Brewing craft beer, auto repair, gardening, arborist, computer manufacturing, philosophy, baseball, hockey, football, DIY, home construction/remodeling, education, research, non-fiction, historical fiction, fiction, childrens stories, politics, satire, pop-culture, social issues, techonology


John Carroll University, Duquesne University

From 2001 to 2005 Mark attended John Carroll University, a liberal arts university in the suburbs of Cleveland. Despite the hardship of losing his brother in a 4th of July tragedy after the end of his freshman year, he returned to school and went on to complete a degree in philosophy with a minor in history. He had originally planned on majoring in history and education, but depression and uncertainty with the direction of the teaching profression pushed him to philosophy, which he pondered teaching at the college level upon graduation.

After applying and being accepted to the University of Pittsburgh elementary certification program, he found himself writing philosophy theses in the back of the classroom while taking pre-requisite coursework. The day before Pitt orientation, he bowed out of the program and decided to apply at Duquesne University armed with a great thesis on a new model of philosophical thought. In his first night class, learned that this great idea had was called phenomenology and it had existed for some time. This was punishing, but he floated through the program while working full time and playing amatuer sports. He has never been one to focus on one thing or another and is always in the middle of a score of different, unrelated tasks. He was offered a TA position with the chair of the department, but being young and stupid, he chose to work a very low paying job instead. He routinely palm-slaps his forehead for this decision. He graduated with flying colors and along the way had found great interest in Martin Heideggar. His notion of living authentical partially guides his vast array of interests and knowledge-bases that he ever seeks to expand.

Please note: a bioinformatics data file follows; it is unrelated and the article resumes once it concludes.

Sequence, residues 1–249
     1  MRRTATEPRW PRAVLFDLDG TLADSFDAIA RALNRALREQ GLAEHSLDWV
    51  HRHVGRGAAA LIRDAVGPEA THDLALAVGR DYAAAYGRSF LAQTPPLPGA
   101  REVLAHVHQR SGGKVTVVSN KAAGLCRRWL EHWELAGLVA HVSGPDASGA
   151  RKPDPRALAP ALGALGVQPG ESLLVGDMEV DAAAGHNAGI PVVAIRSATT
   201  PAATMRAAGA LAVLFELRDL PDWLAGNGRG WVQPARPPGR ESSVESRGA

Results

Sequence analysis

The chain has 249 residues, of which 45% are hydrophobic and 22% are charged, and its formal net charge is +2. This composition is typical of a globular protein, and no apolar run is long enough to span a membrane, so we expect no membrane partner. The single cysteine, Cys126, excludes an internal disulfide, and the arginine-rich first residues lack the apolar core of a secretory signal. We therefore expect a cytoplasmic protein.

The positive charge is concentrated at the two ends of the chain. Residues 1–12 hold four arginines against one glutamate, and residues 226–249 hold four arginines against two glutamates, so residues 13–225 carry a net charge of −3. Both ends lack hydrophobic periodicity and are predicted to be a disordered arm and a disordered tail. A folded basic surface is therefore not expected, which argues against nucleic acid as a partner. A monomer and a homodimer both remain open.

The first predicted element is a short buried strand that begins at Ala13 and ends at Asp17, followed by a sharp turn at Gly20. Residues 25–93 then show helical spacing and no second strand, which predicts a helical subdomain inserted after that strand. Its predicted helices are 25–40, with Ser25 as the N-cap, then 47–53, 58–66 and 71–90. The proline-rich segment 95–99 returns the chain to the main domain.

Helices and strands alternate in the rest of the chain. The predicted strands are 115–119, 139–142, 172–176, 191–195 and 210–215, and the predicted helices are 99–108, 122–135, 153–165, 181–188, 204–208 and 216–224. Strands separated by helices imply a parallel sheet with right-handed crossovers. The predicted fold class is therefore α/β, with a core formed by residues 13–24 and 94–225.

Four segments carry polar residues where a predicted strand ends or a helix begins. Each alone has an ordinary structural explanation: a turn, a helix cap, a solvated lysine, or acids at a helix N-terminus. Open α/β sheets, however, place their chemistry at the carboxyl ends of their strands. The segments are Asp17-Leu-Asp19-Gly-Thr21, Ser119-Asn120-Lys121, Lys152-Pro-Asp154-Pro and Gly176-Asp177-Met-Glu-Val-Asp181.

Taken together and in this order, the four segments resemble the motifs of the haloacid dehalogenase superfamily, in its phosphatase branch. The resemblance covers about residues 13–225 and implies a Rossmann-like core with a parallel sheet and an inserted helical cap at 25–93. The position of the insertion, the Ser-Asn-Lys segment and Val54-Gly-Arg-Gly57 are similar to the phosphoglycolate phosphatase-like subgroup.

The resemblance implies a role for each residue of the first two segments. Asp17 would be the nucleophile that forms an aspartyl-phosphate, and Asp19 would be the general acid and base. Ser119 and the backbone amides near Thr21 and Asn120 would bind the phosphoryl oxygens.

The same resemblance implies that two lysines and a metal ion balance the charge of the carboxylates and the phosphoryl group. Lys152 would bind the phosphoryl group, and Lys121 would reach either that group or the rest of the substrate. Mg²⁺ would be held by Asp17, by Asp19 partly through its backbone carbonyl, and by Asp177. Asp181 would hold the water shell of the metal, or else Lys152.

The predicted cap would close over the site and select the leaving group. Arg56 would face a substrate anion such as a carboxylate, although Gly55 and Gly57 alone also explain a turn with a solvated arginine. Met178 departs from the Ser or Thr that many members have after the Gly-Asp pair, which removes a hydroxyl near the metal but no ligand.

120 Projects Completed

Mark has written many projects for elementary students from corrupted fairy tales to historical fiction as a contract writer. He was then hired onto the writing team for the client and created over 120 unique works over the course of the year for both primary and secondary audiences ranging from 100 to 4200 words. Despite the age range, minimal editing was required to adapt stories to unique age groups from first through twelfth grade.


25 Projects Completed

During a salaried position as a writer, Mark authored 25 video scripts focusing on mathematical topics in Algebra, Pre-Algebra, Pre-Calculus, Trigonometry, and Calculus. Despite not having a math class in 15 years, he had to re-teach himself these subjects, break down their complexity, and create scripts for instructional videos. He was never given a script back for revisions.


1 Projects Completed

Mark was formerly a freelance contributor to since-discontinued Pittsburgh Dish, a online blog that chronicalled local events around Pittsburgh. His work was heavily researched and based upon facts and events, but was written purely for reader entertainment. His contributions to the site were worthy of his own index and direct link from the site's landing page.